A Senate committee report is set to recommend substantial changes to the government's proposed fair elections act, including nixing a loophole in Bill C-23 that would allow fundraising calls to previous donors not to be counted as an election expense.
The nine recommendations are said to be unanimously endorsed by all committee members, including the Conservative majority.
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Removing the exemption for calls or solicitations to political donors who have previously given at least $20 is widely thought to benefit the major parties, especially the Conservatives. That exemption should be disallowed, the Senate Committee on Legal and Constitutional Affairs says.
Another significant change recommends the Chief Electoral Officer of Elections Canada be allowed to continue the relationship with Student Vote or other electoral educational programs in elementary and high schools.
Elections Canada should also be able to inform the public of problems uncovered in the voting system, as the agency did when it realized misleading robocalls were occurring in the Ontario riding of Guelph last election..
Other changes recommend by the committee are:
- Encouraging Elections Canada to allow the use of verified electronic correspondence, or e-bills, as proof of address at polling stations rather than the current requirement for original hard copies.
- Encouraging Elections Canada to put photographs of candidates on ballots for voters who have trouble reading
- Authorizing communication between the Commissioner of Elections Canada and the Chief Electoral Officer.
- Extending the retention of robocall records by the calling service companies to three years from the one year proposed in the bill
- Mandating that heads of institutions such as retirement homes, homeless shelters and reserves issue letters of attestation about proof of address for people who reside in those places.
- Encouraging Elections Canada to inform those with vision loss about braille ballots
The changes the committee advises in respect to the public role of Elections Canada seem to fly in the face of sentiments voiced by Democratic Reform Minister Pierre Poilievre.
Last week, Poilievre accused Elections Canada head, Marc Mayrand, of pursuing "more power, a bigger budget and less accountability" in his objections to some provisions in the election reform bill.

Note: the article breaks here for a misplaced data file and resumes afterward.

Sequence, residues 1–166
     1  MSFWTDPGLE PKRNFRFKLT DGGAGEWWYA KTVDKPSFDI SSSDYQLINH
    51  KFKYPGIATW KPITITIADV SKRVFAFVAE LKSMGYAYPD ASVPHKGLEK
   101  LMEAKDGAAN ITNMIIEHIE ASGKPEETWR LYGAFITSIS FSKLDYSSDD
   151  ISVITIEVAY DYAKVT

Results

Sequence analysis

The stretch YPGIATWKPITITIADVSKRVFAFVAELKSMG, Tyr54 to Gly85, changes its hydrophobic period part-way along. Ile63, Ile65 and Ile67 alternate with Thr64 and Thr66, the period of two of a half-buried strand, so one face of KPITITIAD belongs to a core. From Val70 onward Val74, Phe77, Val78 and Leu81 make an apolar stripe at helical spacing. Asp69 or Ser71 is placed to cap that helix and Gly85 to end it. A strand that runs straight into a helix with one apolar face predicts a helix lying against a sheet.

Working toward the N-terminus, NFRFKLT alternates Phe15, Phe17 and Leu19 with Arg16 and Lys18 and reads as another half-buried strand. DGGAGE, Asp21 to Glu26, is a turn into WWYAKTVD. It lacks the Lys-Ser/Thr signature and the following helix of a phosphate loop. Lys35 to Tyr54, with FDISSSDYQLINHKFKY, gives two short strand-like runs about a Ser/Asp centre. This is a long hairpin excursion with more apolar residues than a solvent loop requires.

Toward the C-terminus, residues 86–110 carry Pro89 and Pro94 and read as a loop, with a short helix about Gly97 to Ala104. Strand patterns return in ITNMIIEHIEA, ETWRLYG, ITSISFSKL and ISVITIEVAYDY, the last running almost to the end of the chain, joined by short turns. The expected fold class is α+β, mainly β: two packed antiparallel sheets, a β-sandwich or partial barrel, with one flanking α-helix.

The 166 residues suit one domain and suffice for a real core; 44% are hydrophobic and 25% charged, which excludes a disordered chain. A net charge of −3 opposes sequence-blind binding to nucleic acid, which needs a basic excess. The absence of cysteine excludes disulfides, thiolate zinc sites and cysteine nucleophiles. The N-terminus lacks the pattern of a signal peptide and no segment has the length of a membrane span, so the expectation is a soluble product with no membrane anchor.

Pierre Poilievre comments on the report
Poilievre, in an interview Monday with the CBC's Terry Milewski, seemed to soften his stance when he said he was open to amendments that would make what he called a great bill even better.
"This is a very smart group of people who sat around this committee room table. They've done a very, very skilful study and I think we can only benefit from carefully considering their ideas," he said.
On the proposal to remove the fundraising exemption in the bill that would benefit wealthy political parties, Poilieve said he couldn't comment on a Senate report he's had no chance to study. But, he added, "I think the fair elections act provisions are reasonable and show common sense."
As far as allowing the use of e-bills as voter ID, Poilievre said he agreed with that recommendation. "I think the CEO needs to look at e-bills as a form of potential identification for people who no longer get their utility bills on their mailbox."
Craig Scott, the NDP critic for democratic reform, told CBC he doesn't think any amendments can fix the fair elections act, a bill he says his party would like to see scrapped.
A minority of Senate committee members, while endorsing the nine main recommendations, advocated several other changes such as allowing the use of voter information cards as ID, and allowing vouching to continue.
Vouching occurs when one registered voter attests to the identity of another voter who doesn't have ID.
The minority, consisting of three Liberal senators, also suggested the commissioner of Elections Canada be empowered to compel witnesses to testify in an investigation and be able to disclose information about investigations.
However, the majority of senators did not agree to the minority's recommendations.
The interim report, expected to be tabled this week, will be sent to the equivalent House of Commons committee to consider before starting its clause-by-clause evaluation of the bill.
Since it's a preliminary report, the Senate committee will continue hearing witnesses about proposed Election Act reforms.
The MPs on the Procedure and House Affairs Committee could reject the Senate recommendations, but such a move would likely delay the government's promise to have the bill passed by June.